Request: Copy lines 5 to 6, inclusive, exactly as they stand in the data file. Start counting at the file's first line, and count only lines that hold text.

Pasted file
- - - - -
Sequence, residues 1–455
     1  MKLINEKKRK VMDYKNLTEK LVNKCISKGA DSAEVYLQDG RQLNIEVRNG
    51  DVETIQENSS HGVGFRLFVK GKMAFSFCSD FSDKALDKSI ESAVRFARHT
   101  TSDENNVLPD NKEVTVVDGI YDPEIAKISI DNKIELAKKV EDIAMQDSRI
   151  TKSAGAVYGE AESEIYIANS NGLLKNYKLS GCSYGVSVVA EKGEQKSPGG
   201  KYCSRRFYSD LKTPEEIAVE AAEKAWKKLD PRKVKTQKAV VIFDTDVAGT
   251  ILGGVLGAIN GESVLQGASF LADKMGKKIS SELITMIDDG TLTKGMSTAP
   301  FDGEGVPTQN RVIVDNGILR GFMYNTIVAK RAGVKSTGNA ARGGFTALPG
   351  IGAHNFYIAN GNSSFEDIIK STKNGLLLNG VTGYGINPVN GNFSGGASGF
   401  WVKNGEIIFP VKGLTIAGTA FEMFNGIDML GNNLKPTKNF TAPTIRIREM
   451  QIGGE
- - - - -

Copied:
   151  TKSAGAVYGE AESEIYIANS NGLLKNYKLS GCSYGVSVVA EKGEQKSPGG
   201  KYCSRRFYSD LKTPEEIAVE AAEKAWKKLD PRKVKTQKAV VIFDTDVAGT